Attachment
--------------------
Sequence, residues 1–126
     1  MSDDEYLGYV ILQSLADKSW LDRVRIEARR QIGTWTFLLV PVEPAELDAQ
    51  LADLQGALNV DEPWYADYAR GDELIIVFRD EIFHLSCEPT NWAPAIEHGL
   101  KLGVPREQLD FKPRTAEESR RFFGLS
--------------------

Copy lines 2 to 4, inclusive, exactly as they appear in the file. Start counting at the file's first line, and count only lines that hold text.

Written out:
     1  MSDDEYLGYV ILQSLADKSW LDRVRIEARR QIGTWTFLLV PVEPAELDAQ
    51  LADLQGALNV DEPWYADYAR GDELIIVFRD EIFHLSCEPT NWAPAIEHGL
   101  KLGVPREQLD FKPRTAEESR RFFGLS